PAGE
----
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of the day, in the valley of his breeze, the humming of the mountain bee comes to Ossian's ear: the gale drowns it in its course: but the pleasant sound returns again Slant looks the sun on the field' gradual growr the shade of the hill ! “Raise,” said Cuthullin to his hundred bards, “the song of the noble Fingal; that song which he hears at night, when the dreams of his rest descend; when the bards strike the distant harp, and the faint light gleams on Selma's walls. Or let the grief of Lara rise : the sighs of the mother of Calmar, when he was sought, in vain, on his hills; when she beheld his bow in the hall. Carril, place the shield of Caithbat on that branch. Let the spear of Cuthullin be near ; that the sound of my battle may rise, with the gray beam of the east.” The hero leaned on his father's shield: the song of Lara rose ! The hundred bards were distant far: Car. ril alone is near the chief. The words of the song were his: the sound of his harp was mournful. “Alcletha with the aged locks! mother of car-borne Calmar ! why dost thou look towards the desert, to be. hold the return of thy son 2 These are not his heroes, dark on the heath : nor is that the voice of Calmar. It is but the distant grove, Alcletha but the roar of the mountain-wind!—* Who bounds over Lara's stream, sister of the noble Calmar 2 Does not Alcletha behold his spear ! But her eyes are dim Is it not the scn pf M. daughter of my love?” “‘It is but an aged oak, Alcletha P replied the lovely weeping Alona. “It is but an oak, Alcletha, bent over Lara's stream. But who comes along the plain sorrow is in his speed. He lifts high the spear of Calmar. Alcletha, it is covered with blood!’—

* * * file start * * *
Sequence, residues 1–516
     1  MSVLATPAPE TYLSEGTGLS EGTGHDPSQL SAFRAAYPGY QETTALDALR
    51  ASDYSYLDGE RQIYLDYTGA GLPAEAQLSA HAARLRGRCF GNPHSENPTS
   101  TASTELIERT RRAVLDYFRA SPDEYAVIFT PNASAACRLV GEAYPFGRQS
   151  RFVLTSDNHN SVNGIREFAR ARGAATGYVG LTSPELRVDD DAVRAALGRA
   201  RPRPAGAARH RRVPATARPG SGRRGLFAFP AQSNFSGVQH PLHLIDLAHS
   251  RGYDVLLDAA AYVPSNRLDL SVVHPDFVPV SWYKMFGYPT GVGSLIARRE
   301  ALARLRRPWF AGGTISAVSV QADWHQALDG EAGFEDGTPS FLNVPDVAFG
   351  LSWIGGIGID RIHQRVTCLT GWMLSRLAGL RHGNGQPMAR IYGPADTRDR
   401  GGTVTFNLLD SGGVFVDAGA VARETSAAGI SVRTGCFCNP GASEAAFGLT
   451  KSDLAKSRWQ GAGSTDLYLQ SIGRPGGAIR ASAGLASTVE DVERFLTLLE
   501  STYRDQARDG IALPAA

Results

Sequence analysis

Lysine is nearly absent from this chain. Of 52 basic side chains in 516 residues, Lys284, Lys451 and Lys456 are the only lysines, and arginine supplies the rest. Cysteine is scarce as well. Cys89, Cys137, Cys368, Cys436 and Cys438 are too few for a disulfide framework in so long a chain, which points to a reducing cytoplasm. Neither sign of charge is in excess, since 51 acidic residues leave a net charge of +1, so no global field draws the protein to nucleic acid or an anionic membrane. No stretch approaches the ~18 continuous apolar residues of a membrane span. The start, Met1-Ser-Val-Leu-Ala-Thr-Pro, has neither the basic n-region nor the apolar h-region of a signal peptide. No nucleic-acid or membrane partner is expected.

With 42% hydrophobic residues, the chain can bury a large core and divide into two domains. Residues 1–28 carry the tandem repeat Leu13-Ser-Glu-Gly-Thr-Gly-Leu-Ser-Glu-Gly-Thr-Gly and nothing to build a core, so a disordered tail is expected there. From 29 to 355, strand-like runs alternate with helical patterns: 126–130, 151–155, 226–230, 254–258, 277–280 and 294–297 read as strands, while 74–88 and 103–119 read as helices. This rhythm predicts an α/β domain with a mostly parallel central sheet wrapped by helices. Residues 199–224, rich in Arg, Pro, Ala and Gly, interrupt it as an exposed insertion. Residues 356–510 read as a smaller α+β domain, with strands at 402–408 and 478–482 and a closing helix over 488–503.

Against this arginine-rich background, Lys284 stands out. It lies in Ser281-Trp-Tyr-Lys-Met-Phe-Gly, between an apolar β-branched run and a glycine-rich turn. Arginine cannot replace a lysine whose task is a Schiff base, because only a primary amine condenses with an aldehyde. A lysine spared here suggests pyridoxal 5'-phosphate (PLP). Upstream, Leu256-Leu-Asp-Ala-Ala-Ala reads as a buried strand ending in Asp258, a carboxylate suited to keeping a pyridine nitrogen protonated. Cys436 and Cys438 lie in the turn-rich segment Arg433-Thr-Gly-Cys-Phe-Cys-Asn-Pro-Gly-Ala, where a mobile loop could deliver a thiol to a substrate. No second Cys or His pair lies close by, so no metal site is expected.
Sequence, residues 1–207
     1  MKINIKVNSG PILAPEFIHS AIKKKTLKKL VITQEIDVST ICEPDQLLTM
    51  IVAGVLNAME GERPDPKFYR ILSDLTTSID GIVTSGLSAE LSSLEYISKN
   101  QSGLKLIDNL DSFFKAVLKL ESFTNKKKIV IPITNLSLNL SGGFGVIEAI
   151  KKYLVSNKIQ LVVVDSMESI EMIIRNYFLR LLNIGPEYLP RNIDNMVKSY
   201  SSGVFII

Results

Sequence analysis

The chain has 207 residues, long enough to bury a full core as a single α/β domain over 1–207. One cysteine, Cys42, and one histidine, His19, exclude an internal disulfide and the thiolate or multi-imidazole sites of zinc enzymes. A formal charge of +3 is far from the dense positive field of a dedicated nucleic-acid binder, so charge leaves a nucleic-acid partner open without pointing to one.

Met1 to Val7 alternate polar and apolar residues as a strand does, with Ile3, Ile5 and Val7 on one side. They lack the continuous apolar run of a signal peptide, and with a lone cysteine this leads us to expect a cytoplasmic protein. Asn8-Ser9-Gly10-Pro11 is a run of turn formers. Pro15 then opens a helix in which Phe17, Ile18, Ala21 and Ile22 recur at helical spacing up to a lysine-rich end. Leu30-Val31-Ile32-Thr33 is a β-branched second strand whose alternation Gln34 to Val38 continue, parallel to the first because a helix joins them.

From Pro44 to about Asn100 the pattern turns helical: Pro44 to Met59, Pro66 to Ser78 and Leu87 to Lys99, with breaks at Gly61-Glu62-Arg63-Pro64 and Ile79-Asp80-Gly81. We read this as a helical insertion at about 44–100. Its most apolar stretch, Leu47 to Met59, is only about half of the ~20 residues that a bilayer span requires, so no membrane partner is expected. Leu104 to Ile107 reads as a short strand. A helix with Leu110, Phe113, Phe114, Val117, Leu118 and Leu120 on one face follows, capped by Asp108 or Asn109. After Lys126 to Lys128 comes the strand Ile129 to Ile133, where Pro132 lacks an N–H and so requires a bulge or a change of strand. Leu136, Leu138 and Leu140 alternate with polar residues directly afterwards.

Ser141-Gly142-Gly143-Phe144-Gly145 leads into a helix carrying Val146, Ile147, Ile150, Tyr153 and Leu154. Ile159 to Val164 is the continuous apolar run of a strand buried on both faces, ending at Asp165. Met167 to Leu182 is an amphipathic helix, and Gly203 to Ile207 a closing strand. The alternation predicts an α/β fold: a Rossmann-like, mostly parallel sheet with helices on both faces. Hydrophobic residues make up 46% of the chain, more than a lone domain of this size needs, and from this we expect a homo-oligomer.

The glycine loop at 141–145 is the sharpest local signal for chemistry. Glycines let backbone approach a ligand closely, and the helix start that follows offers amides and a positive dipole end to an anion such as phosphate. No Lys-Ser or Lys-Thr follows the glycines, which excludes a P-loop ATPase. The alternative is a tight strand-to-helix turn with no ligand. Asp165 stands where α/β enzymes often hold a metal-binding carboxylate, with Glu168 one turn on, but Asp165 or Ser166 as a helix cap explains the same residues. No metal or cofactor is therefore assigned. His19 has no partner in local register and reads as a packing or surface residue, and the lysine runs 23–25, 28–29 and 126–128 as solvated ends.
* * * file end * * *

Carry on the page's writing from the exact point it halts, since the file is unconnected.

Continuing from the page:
* Alcletha speaks.

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“**But it is covered with the blood of foes, sister of tar-borne Calmar ! His spear never returned unstained with blood: nor his bow from the strife of the mighty. The oattle is consumed in his presence: he is a flame of death, Alona!—Youth of the mournful speed! where is the son of Alclethal Does he return with his fame, in the midst of his echoing shields 2 Thou art dark and silent Calmar is then no more Tell me not, warrior, how he fell. I must not hear of his wound !’ Why dost thou look towards the desert, mother of low. laid Calmar 7”

Such was the song of Carril, when Cuthullin lay or his shield. The bards rested on their harps. Sleep fell softly around. The son of Semo was awake alone. His soul fixed on war. The burning oaks began to decay. Faint red light is spread around. A feeble voice is heard ' The ghost of Calmar came ! He stalked dimly along the beam. Dark is the wound in his side. His hair is disordered and loose. Joy sits pale on his face. He seems to invite Cuthullin to his cave.